Media pH and Ammonium Concentration

It is well known that the ammonium ion content in the media alters intracellular pH and thereby affects cell growth and protein glycosylation (87). Miller et al. (88) conducted a comprehensive study of hybridomas in chemostats. The pH was varied and cell densities, viability, and antibody concentration were measured. Miller et al. (88) determined that pH was a very important parameter for successful cell culture. Borys et al. (89,90) investigated the effects of pH on mouse placental lac-togen expressed in CHO cells. Their initial studies used tissue culture flasks (T-flasks), yet clearly demonstrated that the culture pH shifted the glycosylation pattern. Later experiments used cells grown on microcarriers; again, their results demonstrated that pH effected glycosylation. Next, the extracellular pH was held constant and the ammonium concentration was varied. Increased ammonium ion concentrations decreased intracellular pH, and resulted in less glycosylated proteins (90).

Valley et al. (91) noted that ammonia inhibited cell growth and influenced glycosylation, but were unsure of the mechanism. Valley et al. (91) used labeled NH4Cl to detect N-labeled species. They observed that 60% of the UDP-GlcNAc pool was labeled, and 60-80% of the N-acetylated sugars in N-glycan structures were labeled. Therefore, they concluded that ammonium was used as a building block.

Gawlitzek et al. (81) observed that ammonium altered N-glycosylation in CHO expressing TNFR-IgG. Ammonium levels were increased from 1.0 to 15mM, which resulted in a 40% decrease in terminal galactosylation and sialylation. Extracellular b-galactosidase and sialidase activity increased throughout the culture. The b-galactosidase activity was proportional to the initial ammonium level; however, the sialidase activity was independent of the initial ammonium level. Also, the incubation of TNFR-IgG with b-galactosidase and sialidase in vitro did not alter glycosylation. These results suggested that the effect of ammonium on gly-cosylation was biosynthetic and not degradative. mRNA levels and the enzyme activity of b1,4-Gal-T and a2,3-ST enzymes were observed in response to ammonium (13 mM). Both the mRNA and the enzyme activities were not observed to change. The b1,4-Gal-T and a2,3-ST enzymes were observed in this study to be very sensitive to pH in vitro. Therefore, Gawlitzek et al. (81) concluded that ammonium altered the carbohydrate biosynthesis of TNGR-IgG by a pH-mediated effect on glycosyltrans-ferase activity. Other studies have shown that increased nucleotide sugar pools, do not increase glycosylation, as would be expected (61-63,79).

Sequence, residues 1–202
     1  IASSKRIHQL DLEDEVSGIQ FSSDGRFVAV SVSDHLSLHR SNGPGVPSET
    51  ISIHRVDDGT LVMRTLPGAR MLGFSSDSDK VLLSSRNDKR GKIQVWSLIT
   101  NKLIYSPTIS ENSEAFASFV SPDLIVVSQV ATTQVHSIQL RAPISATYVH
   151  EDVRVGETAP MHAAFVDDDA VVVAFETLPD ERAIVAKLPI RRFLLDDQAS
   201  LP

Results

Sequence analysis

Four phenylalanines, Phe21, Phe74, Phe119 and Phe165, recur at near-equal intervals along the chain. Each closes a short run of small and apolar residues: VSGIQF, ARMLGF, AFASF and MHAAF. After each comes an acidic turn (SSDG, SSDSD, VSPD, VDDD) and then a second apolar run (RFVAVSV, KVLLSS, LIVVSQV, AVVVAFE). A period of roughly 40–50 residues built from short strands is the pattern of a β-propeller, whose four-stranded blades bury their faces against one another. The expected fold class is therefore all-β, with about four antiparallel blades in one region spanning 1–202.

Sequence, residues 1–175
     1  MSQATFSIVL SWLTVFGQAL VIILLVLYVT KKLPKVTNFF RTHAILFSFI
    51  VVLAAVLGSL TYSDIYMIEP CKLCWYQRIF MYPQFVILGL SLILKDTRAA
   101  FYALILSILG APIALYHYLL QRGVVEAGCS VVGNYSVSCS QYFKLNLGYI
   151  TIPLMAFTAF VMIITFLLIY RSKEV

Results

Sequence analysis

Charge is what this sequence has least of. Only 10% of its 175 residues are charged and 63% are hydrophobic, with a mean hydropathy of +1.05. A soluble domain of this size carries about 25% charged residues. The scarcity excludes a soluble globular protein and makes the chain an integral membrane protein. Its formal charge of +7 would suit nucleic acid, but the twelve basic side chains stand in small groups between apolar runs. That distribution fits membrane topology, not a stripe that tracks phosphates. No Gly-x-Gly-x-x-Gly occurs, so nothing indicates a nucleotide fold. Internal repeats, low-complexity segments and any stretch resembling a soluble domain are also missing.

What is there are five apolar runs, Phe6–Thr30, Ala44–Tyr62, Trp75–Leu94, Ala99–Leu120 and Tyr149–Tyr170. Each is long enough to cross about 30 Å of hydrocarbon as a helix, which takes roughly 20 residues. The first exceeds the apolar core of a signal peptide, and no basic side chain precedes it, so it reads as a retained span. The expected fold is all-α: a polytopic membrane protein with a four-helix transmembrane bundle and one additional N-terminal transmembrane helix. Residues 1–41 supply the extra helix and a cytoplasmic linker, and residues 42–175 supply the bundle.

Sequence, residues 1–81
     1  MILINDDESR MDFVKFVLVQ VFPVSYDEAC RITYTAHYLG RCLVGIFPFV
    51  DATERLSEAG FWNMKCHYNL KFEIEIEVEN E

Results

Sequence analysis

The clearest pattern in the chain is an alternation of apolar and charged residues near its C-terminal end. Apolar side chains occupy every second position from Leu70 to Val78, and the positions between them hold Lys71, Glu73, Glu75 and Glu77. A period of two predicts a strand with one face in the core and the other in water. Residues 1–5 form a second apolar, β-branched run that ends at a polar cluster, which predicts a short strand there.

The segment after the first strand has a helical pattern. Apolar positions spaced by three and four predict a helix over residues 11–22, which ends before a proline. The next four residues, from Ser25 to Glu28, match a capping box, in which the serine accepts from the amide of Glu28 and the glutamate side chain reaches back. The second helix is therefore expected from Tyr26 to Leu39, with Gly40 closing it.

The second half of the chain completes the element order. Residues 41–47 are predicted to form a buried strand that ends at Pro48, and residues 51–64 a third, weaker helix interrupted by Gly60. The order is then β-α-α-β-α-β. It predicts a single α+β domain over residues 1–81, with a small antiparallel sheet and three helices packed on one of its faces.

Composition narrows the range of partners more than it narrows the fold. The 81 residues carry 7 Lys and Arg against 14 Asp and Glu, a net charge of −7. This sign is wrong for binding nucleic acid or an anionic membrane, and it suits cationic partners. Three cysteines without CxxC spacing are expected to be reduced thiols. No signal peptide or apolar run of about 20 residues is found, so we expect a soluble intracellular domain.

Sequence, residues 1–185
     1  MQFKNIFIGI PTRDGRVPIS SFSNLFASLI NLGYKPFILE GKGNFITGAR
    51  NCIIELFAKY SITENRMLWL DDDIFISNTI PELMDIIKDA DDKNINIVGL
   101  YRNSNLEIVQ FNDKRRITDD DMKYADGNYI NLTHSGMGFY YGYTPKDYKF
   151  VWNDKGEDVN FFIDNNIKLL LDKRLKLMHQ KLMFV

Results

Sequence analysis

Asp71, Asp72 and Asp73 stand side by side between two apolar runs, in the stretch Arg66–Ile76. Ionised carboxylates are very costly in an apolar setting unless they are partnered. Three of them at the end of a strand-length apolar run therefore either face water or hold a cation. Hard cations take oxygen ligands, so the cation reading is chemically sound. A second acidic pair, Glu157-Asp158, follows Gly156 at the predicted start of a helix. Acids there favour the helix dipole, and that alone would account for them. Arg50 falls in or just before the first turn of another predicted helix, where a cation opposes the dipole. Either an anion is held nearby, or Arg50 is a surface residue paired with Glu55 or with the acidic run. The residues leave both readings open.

Yang and Butler (61,62) investigated the effects of ammonia on the glycosylation of EPO expressed in CHO cells. It was observed that increased ammonia concentration resulted in a reduction of the tetra-antennary structures and increased the tri- and biantennary structures. Also, the sialic acid content decreased with increased ammonia; however, the oligosaccharide sequence did not change. A later study by Yang and Butler (60) investigated ammonia and glucosamine levels on glycosylation. Both ammonia and glucosamine reduced the terminal sialylation, increased heterogeneity, and reduced the level of O-glycosylation. It was also observed that the UDP-N-acetylhexsamine pools increased (60).

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